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What is the significance of Old Major's speech in Animal Farm?

Old Major was a well-respected boar on Animal Farm. He recently had a dream and felt the need to share this "vision" with the other animals on the farm, a vision of the animals overthrowing their human oppressors and running the farm themselves.

He began to describe to the animal assembly that man is their enemy and no animal is free until they rid themselves of him: "Man is the only enemy we have. Remove Man from the scene, and the root cause of hunger and overwork is abolished forever" (29).

He continue his disapproval of man and rallies the animals to begin planning for a rebellion-maybe not anytime soon, but he stressed the need for it sometime in the future. He teaches them the rally song "Beasts of England" during the meeting, which gets the animals all excited, awakening Mr. Jones, the farmer.

It can be argued that Old Major represents Karl Marx, and that his speech motivated the animals to take action and rebel against their oppressors.

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What are your thoughts on Old Major's rebellion speech in Animal Farm?

It is interesting to look at the efforts of Old Major to use persuasive techniques.

He uses the rhetorical question: "You cows that I see before me, how many thousands of gallons of milk have you given during the last year?"

He uses the emotional persuasive appeal of fear: "You young porkers... every one of you will scream your lives out at the block within a year. To that horror we must all come -"

He uses the logical persuasive appeal by expressing to animals they do all the work, the humans profit from it.

He uses the charged words "comrade" and "Rebellion!" Each of these has connotation. A comrade is a friend, uniting all animals with an equal part in this process. Rebellion is a strong act and thus has an emotional charge. Rebellion in this regard cannot be done alone, but must be done as a group.

Throughout the speech you see other instances of propaganda and persuasion... stereo-typing, slogan, authority (he establishes himself as an older more credible judge than the rest).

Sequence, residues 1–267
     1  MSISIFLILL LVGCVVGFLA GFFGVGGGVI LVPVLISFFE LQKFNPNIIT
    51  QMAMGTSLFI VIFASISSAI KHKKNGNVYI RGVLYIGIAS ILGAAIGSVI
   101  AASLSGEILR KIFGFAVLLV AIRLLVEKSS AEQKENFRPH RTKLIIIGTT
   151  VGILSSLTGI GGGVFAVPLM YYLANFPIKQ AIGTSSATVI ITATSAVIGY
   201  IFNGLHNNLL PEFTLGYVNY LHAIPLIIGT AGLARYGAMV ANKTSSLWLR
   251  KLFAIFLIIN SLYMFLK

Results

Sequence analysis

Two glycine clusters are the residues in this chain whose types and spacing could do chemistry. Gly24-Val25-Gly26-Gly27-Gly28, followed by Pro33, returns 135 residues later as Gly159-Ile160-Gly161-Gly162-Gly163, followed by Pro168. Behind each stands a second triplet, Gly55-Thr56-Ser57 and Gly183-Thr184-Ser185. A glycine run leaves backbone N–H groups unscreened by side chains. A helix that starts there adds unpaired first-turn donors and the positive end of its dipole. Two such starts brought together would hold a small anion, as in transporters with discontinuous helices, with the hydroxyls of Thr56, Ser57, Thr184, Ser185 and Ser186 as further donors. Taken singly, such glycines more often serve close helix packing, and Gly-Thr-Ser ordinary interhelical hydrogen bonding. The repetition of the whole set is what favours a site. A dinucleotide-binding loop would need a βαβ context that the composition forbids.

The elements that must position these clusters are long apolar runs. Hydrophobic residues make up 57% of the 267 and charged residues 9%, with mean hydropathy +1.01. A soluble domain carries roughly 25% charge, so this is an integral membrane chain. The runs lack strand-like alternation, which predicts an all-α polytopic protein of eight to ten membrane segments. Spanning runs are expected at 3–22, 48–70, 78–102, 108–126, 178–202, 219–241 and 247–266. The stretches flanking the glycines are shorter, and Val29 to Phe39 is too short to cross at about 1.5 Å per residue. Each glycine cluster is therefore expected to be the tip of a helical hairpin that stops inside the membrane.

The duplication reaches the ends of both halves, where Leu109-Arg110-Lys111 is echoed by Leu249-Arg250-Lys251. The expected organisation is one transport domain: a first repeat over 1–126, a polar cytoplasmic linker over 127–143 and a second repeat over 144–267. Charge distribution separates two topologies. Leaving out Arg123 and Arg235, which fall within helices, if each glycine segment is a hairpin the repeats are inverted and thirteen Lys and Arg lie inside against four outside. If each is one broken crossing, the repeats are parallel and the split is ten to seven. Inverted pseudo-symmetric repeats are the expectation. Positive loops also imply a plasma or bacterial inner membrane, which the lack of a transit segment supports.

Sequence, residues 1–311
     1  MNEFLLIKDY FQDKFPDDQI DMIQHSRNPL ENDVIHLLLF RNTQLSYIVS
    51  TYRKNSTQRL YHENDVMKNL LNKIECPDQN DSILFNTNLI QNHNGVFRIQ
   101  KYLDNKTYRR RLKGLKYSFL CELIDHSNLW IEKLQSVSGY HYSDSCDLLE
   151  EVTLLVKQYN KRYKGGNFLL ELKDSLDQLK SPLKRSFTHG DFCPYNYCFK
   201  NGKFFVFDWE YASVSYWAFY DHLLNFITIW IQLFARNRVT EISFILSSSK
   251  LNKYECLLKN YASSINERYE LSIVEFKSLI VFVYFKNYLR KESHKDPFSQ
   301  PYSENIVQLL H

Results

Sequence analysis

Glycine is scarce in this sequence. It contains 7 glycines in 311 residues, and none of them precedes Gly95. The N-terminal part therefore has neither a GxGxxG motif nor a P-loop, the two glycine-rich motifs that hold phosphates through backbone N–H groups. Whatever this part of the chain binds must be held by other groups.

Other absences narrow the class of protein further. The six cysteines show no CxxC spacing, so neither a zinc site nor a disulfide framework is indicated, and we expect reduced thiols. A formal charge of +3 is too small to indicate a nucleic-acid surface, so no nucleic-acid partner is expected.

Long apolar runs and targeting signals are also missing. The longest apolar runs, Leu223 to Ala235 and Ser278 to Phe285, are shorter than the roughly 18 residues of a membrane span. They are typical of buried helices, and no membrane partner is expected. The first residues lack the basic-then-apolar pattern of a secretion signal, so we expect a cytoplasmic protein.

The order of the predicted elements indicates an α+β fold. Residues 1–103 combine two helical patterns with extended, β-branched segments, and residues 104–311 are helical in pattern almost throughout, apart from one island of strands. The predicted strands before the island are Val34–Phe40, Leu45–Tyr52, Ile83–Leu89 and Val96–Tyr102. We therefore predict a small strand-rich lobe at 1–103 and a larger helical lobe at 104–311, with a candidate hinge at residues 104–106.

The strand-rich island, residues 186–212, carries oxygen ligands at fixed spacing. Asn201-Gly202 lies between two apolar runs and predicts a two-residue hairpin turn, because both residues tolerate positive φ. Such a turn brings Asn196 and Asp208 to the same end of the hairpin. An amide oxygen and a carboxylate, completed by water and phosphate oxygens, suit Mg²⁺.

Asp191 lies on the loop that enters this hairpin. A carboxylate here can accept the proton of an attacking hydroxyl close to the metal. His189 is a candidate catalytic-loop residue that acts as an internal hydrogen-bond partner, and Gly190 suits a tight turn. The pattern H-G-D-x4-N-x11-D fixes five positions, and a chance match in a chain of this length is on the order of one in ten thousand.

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What are your thoughts on Old Major's rebellion speech in Animal Farm?

My first impression of the speech is that it makes a lot of sense as long as you accept the basic premise that the animals are intelligent beings.  It is clear that the animals are being oppressed and it is clear that it is the people that are doing it.

What is less clear is that getting rid of the people will solve everything.  It would take away that particular oppressor, but true equality will require that the animals will not have the same ambitions that people do.  Old Major assumes that they will not.  He assumes they will live in harmony.  But that is just an assumption  and it turns out to be wrong.

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In Animal Farm, what is the main idea of Old Major's political speech?

In making his barnstorming speech to the animals, Old Major is hoping to inspire them to rebellion against the hated human oppressor. He wants the animals to recognize their innate dignity, to understand that they're so much better than they think they are.

Through his in-depth theoretical analysis of the situation, Old Major has come to understand just how vital it is that the animals develop a revolutionary consciousness: that they see themselves as more than capable of taking hold of their own destiny and running the farm by themselves. He also knows that it is only through a vanguard of dedicated revolutionaries such as himself that the animals can be led towards a true understanding of what's in their best interests. His speech is explicitly designed for this very purpose.

A disorganized, spontaneous uprising will not succeed; the revolution must be carefully planned. But more to the point, the animals need to know just what they are and why they are rebelling before they rise up to throw off the shackles of human oppression. Hence the necessity of Old Major's speech.

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In Animal Farm, what is the main idea of Old Major's political speech?

Old Major's speech sets the scene for the occurrences in Animal Farm and, although it is centred around the animals own version of the Russian Revolution, it is just as much about the corruption and perversion of the ideal that later becomes symbolized by Animalism as it is about any specific persons from the Revolution.

it is Orwell’s way of suggesting that true equality never will exist.

Orwell, right from the onset, wanted to express his utter disappointment that even the Russians could not get it right and

his criticism stands against any and all totalitarian regimes.

Even at the beginning, it is apparent that "equality" is a very subjective issue and Old Major even discussed the relevance and position of "wild" creatures on the farm, relevant to the novel because it reveals - and foreshadows - the inevitable result.

The main idea therefore is that Old Major does attempt to reduce complex philosophies to something everyone can understand and is is adamant that animals cannot live together with humans - they must overthrow them.

"all the evils of this life of ours spring from the tyranny of human beings."

Old Major has a "dream," a vision 

of a society in which ...injustice is swept away and society exists in an ideal state.

His speech is a call to action.